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Over the weekend I got to hear world-renowned breastfeeding educator Jack Newman speak at an Atlanta Bellies to Babies event. I’ve read his articles and website a lot in the past–he’s a great resource–although I’ve always thought it was a little strange for a man to be a breastfeeding educator. However, I didn’t expect to enjoy his talk as much as I did. I couldn’t tear myself away. I know I’m not a breastfeeding expert or anything, but after doing it for 3.5 years straight and researching it a lot, I sort of thought I had a handle on a lot of the science of breastfeeding. I was wrong. I couldn’t believe how much there is to learn about breastfeeding. I still feel like my brain is on information overload, in a good way.

Naturally, I was thinking a lot about elimination communication in the context of all this new information. I’ve always believed that EC is a huge support for breastfeeding moms: having such specific awareness of how much is coming out of your baby can make you a lot more confident about how much is going in. Plus, I think that new moms have a biological instinct that makes us obsess about our babies’ poop (is there anyone in the world who’s more interested in talking about poop than new moms? There’s not. Trust me on this one), and I’m sure that instinct is connected to breastfeeding, because poop and pee are such a simple way of increasing your awareness about your baby’s eating. DiaperFreeBaby has a list of the ways that EC benefits breastfeeding (and yes, I gave a copy of that brochure to Dr. Newman!), but his talk made me realize several other ways EC could help breastfeeding that I had never thought of.

1. Awareness of hindmilk/foremilk imbalance. Dr. Newman talked about the common recommendation to only let the baby feed on one side in order to prevent a fore/hindmilk imbalance. This can cause problems if the baby isn’t drinking properly, because nibbling, even for a long time, on one breast isn’t going to feed the baby sufficiently (although nibbling on both breasts won’t either). EC can help with this because you get a lot more direct exposure to the baby’s poop. Yes, you can tell if his stools are green, mucosy, watery, or explosive by looking in his diaper. But it’s a lot more obvious in the toilet. You’re also a lot more aware of how your baby feels while pooping; if he’s having trouble passing stools–or more trouble than usual–you’ll be more aware of that. And if you know he’s getting enough hindmilk, then you won’t worry about limiting him to one side for that reason.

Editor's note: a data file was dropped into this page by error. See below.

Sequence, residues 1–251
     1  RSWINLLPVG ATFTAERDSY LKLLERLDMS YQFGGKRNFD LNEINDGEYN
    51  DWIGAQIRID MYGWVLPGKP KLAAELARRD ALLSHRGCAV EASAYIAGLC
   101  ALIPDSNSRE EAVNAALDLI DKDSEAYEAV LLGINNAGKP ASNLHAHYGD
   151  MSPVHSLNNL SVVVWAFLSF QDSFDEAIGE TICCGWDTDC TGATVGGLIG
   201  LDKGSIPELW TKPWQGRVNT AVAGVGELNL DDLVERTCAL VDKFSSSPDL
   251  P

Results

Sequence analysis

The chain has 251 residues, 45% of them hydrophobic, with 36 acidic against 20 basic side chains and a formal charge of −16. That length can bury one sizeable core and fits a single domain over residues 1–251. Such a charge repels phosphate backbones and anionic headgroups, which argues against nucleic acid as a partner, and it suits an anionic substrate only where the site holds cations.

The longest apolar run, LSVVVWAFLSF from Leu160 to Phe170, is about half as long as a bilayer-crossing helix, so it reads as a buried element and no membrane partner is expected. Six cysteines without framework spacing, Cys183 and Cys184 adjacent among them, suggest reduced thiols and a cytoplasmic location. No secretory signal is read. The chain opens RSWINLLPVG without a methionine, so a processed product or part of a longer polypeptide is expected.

2. “Excess” weight loss after birth because of IV during labor. This was really fascinating to me because I’d never heard about it before. Newborns usually lose some of their birth weight in the first few days after birth. The general recommendation is that they should lose no more than 10% of their body weight. However, Dr. Newman said that if the mother had lots of fluids given in an IV during labor (which is pretty common), then often the baby will lose a lot more than that because he’s actually overhydrated when he’s born. He told us examples of babies who lost 10% of their body weight within a day of birth. And–here’s the really crazy part–often these babies are then diagnosed with dehydration and supplemented with formula. Of course, it’s easy to know from observing that a baby really isn’t dehydrated, and you can tell if he’s having wet diapers, too. But for a new mom, especially if she’s using disposable diapers, it might be hard to know exactly how much the baby is peeing–newborns pee in very small amounts, and disposables can absorb a lot of liquid and still feel dry. But if you’re practicing EC, then you know exactly how much your baby is peeing. I think even the most timid new mom would have to laugh if someone told her her baby was dehydrated if she knew that her baby was peeing clear liquid every 15 to 30 minutes.

3. Encouraging communication and nursing on demand. DiaperFreeBaby has this on its list, but Dr. Newman’s stories made me realize more how true it is. He had a lot of examples of mothers who measure breastmilk and time feedings and stress about every detail of feeding their babies. He said at one point that breastfeeding is actually a confidence game as much as anything else: you need to trust it and your body and relax about it, not measure everything and stress about it. He talked about women in South Africa, where he worked at a clinic, whose babies have “terrible” latches and yet who breastfeed and thrive. Why? Because the mothers don’t worry about it. They don’t time feedings or measure amounts. “Every time the baby squawks, the mother offers the breast,” he said. They listen to their babies’ communication. And EC, done right, is amazing practice for teaching mothers the skill of listening to their babies. Yes, it’s possible to stress about EC just like you can stress about any parenting practice. It’s possible to time pees and potty by the clock. But that’s not how EC is done best. It’s best done as a combination of intuition, communication, and almost-psychic awareness of your baby. It’s best done as an experiment in trust. That’s why I always tell families that the only way to do anything “wrong” with EC is to not enjoy it. If it’s fun, then you’re doing it right.